Hania A. M. Nashef is an associate professor in the Department of Mass Communication at the American University of Sharjah, United Arab Emirates. Her publications include Palestinian Culture and the Nakba: Bearing Witness and The Politics of Humiliation in the Novels of J. M. Coetzee and other articles on J.M. Coetzee and José Saramago, including “Becomings in J.M. Coetzee’s Waiting for the Barbarians and José Saramago’s Blindness” in Comparative Literature Studies, and recently “Specters of Doom: Saramago's Dystopias in Blindness and The Cave.” She has also published on Palestinian literature, film and Arab media representations, including “Disconcerting images: Arab female portrayals on Arab television,” in Interventions, “Barbaric space: Portrayal of Arab lands in Hollywood films,” in Popular Culture in the Middle East and North Africa, “Demythologizing the Palestinian in Hany Abu-Assad’s Omar and Paradise Now” in Transnational Cinemas, “Virtuality and différance in the age of the hyperreal,” in Empedocles: European Journal for the Philosophy of Communication and more recently “Challenging the myth of “a land without a people’: Mahmoud Darwish’s Journal of an Ordinary Grief and In the Presence of Absence in The Journal of Commonwealth Literature and “Two memories: Darwish and Shehadeh recount their days under siege” in Prose Studies. Recent publications include “Homo Sacer Dwells in Saramago’s Land of Exception,” Angelaki: Journal of the Theoretical Humanities 22 (4), “Ideal Cities: Marred Individuals J.M. Coetzee's The Childhood of Jesus and José Saramago's A Caverna,” Comparative Literature Studies 54 (2) “A dialogue beyond the nation-state: Darwish's Mural and Shehadeh's A Rift in Time: Travels with my Ottoman Uncle,” in Interventions and “Coming of Age in Troubled Times: Son of Babylon and Theeb,” in Film International.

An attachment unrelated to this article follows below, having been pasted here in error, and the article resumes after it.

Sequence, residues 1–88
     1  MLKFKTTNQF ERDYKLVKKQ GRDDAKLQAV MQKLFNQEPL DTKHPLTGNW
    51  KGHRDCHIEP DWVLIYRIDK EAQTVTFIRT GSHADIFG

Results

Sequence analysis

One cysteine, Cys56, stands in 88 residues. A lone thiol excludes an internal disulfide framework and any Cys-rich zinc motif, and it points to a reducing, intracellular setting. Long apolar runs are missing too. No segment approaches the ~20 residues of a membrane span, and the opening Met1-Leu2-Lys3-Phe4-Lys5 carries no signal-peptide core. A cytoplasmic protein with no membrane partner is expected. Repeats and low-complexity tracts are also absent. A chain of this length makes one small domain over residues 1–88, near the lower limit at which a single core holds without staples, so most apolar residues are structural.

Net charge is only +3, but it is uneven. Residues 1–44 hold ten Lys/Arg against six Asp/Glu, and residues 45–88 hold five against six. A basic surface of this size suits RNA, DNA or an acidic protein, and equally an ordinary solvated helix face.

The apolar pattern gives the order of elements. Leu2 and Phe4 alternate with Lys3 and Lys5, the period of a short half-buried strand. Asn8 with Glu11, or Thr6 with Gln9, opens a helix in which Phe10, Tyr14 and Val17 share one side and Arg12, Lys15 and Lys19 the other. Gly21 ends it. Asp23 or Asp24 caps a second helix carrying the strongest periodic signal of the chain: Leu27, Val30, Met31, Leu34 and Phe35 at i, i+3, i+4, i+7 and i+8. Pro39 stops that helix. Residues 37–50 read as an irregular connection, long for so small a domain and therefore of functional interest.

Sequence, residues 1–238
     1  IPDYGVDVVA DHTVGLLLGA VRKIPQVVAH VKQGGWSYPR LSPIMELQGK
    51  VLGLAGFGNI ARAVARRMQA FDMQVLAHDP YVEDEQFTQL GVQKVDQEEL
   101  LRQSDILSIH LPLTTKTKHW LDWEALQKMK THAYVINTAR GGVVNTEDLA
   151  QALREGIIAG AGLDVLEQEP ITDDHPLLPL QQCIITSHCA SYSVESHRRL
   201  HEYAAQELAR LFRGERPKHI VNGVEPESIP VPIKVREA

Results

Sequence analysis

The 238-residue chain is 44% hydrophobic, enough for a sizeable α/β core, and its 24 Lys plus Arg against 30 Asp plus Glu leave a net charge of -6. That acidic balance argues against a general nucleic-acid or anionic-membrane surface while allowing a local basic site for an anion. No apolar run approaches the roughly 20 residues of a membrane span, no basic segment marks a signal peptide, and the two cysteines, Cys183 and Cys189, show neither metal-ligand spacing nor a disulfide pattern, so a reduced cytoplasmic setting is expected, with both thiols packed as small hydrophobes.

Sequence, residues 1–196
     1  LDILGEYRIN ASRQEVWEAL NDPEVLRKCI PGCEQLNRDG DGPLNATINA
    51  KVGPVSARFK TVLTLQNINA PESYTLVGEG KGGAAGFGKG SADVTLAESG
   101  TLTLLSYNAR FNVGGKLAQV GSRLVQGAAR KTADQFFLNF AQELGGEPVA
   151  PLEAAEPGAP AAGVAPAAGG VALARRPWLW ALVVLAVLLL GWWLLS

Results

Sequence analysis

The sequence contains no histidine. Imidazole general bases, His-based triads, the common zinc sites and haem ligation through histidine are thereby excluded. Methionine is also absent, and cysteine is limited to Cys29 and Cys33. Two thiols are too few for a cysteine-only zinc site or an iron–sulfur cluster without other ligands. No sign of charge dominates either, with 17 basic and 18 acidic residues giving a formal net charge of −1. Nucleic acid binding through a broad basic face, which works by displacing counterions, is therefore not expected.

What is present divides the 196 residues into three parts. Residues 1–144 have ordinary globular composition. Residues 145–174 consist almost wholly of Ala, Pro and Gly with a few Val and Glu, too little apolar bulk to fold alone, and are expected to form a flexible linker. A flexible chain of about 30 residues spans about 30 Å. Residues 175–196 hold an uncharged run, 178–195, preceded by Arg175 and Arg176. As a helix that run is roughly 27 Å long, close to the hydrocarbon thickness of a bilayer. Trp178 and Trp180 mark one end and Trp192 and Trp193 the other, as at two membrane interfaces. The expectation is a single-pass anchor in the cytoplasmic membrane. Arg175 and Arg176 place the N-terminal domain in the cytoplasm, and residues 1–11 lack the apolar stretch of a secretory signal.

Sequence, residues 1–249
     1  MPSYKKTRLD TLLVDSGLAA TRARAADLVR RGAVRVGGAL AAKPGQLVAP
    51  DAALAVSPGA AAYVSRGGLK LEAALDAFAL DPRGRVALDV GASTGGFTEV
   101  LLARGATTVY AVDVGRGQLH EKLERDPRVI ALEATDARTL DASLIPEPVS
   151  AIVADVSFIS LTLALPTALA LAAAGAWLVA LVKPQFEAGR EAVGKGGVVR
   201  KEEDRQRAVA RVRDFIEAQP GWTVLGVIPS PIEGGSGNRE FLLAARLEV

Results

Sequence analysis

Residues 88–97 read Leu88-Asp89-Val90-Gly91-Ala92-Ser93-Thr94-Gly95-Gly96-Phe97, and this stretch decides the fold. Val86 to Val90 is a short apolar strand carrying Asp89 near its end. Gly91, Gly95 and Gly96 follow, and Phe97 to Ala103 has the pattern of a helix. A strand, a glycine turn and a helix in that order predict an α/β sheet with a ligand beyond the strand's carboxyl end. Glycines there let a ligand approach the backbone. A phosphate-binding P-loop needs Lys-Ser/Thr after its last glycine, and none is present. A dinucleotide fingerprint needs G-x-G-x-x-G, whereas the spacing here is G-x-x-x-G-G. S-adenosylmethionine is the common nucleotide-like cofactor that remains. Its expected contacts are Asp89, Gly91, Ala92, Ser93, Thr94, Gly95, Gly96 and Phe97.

Areas of Research / Professional Expertise
Postcolonial, comparative literature, film and media studies.